'We want him to be an All-American': Blooming Prarie's Krell blossoming at RCTC

Colton Krell was the first wrestler from Blooming Prairie High School to win a state title and was all set to wrestle at North Dakota State but has found his home at RCTC

Westfield's Colton Krell celebrates winning the 195-pound Class A championship match against Frazee's Luke Tweeton on Saturday, Feb. 29, 2020, at the Xcel Energy Center in St. Paul. (Andrew Link /
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Colton Krell's path to college wrestling — and to Rochester Community and Technical College — was not exactly how he envisioned it.

Just two years ago, Krell became the first wrestler from Blooming Prairie High School to win a state championship when he won a 7-3 decision against Frazee’s Luke Tweeton in the Class A 195-pound state title bout. It capped a prep career that saw Krell win 141 of 158 matches and become a four-time state place-winner for the Westfield Razorbacks (the co-op between Blooming Prairie and Hayfield).

He committed to wrestle at North Dakota State University — a program with a history of producing great grapplers.

But after one semester it was clear to Krell, Fargo wasn’t going to work out.

“There were a lot of different things, but I would place the blame mostly on myself,” Krell said. “I didn’t like doing my homework. … And you know, D-1 is tough. I went up there and I was extremely out of shape. Those guys did not mess around. They were all in shape and ready to rip. I learned a lot of lessons on my first day of practice.”


RCTC takes first at NWCA National Duals

Krell returned to the Rochester area after that first semester and enrolled at RCTC.

The Yellowjackets were one of the final programs Krell considered before settling on the Bison.

Growing up, Krell knew the RCTC program well. That didn't change when he looked at the roster last season, seeing plenty of familiar faces.

“I mean growing up through high school, I heard of all the names on the roster,” Krell said. “I knew a lot of the kids prior to RCTC and I think that’s really cool. That only helps with the team bonding and team atmosphere. ... It's just a fun group to be with.”

Colton Krell

Krell wasn’t ready to wrestle yet at RCTC during the spring semester last year, so he was able to focus on his academics. He seems to have found his footing in that department.

He is studying business and marketing as he hopes to one day take over Krell Electric — the business his father Charles (Chuck) Krell started in 2004 in Blooming Prairie.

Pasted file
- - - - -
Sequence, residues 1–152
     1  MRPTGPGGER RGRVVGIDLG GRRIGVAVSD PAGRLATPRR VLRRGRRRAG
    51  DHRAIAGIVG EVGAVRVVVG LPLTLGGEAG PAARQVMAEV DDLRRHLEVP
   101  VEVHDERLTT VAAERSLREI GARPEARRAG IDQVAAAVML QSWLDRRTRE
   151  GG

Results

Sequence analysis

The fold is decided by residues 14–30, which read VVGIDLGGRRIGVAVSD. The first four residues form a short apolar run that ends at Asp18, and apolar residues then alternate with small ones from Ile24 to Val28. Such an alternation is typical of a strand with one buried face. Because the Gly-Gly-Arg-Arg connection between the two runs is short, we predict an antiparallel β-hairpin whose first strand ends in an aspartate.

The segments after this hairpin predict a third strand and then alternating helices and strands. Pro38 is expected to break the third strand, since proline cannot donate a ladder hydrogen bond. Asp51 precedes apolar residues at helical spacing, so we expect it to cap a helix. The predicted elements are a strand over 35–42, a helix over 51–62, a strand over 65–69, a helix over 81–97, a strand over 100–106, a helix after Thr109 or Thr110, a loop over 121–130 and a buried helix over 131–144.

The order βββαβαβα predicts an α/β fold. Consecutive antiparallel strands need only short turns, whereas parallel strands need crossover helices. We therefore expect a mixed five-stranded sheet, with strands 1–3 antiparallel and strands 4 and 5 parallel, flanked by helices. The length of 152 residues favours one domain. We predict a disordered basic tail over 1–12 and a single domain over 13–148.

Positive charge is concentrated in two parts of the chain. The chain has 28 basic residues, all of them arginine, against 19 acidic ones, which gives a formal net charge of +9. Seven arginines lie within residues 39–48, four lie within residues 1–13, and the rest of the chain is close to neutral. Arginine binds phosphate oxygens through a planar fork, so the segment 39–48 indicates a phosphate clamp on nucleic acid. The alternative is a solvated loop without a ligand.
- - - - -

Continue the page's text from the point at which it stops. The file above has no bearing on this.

“I want to get the marketing idea or concepts and I want to take it back home,” Krell said, "hopefully expand the business a little bit.”


With that side of being a student-athlete now figured out, Krell knew it was time to get his body right so he could get back to doing what he loves. But that’s obviously easier said than done — especially with how his time at NDSU shook out.

“You just really have to mentally sit down with yourself and just work at it,” Krell said. “Focus on it. You have to just adapt or die.”

But the RCTC wrestling room is much different compared to NDSU’s.

It’s a little less stressful, but still one with great talent as most are state qualifiers or champions in high school, who know what it takes to be good. They work hard and push each other but a freshman isn’t grappling with a senior like in Fargo.

“The guys are more my level,” Krell said. “Instead of being seniors in college — just I mean, absolute animals — they were freshmen just like me. So I was able to learn at my own speed opposed to getting beat into it.”

It has taken Krell some time to shake off a bit of rust but things seem to be starting to click for him. That was made evident at the National Wrestling Coaches Association (NWCA) National Dual Meet Championships on Jan. 7 in Louisville, Kentucky.

Krell went undefeated, going 4-0 with one win by forfeit, while helping the Yellowjackets capture their first NWCA National Dual title. He did this all while wrestling up a weight class.

“For him to go undefeated was pretty darn good because he hasn't done that at any tournament yet this year,” RCTC coach Andy Hackenmueller said. “And he's certified to be a 184-pounder, and he was wrestling up a weight class at 197 which makes it even more impressive that he was winning all those matches. He's really coming around and he’s putting things together.


“He’s definitely a guy down the stretch, with that experience, I’m counting on.”

Krell, too, can feel himself getting more and more comfortable after what was an uncharacteristic start for him.

“My first couple of college tournaments, I was 4-4 — not what I’m used to, I’ll tell you that much,” Krell said. “It's tough. It's really tough, but I’m getting into the swing of things and really buckling down and focusing. It's coming around. I'm figuring a lot of things out. I'm getting in better shape. Getting a lot stronger every day.”

For the Yellowjackets, who have their sights set on their third consecutive NJCAA non-scholarship national championship, Krell could be an important piece to the Yellowjackets moving forward for next season as well.

"We want him to be an All-American for us," Hackenmueller said. "That’s our focus right now."

Krell is just focused on regaining the form that turned him into a state champion.

"It takes a while," Krell said. "I'm not there yet. But I'm kind of getting there."

Related Topics: GYMNASTICS
Alex VandenHouten has been a sports reporter at the Post Bulletin since Sept. 2021. He loves to go hiking, biking, snowshoeing and just simply being outdoors with his wife Olivia. Readers can reach Alex at
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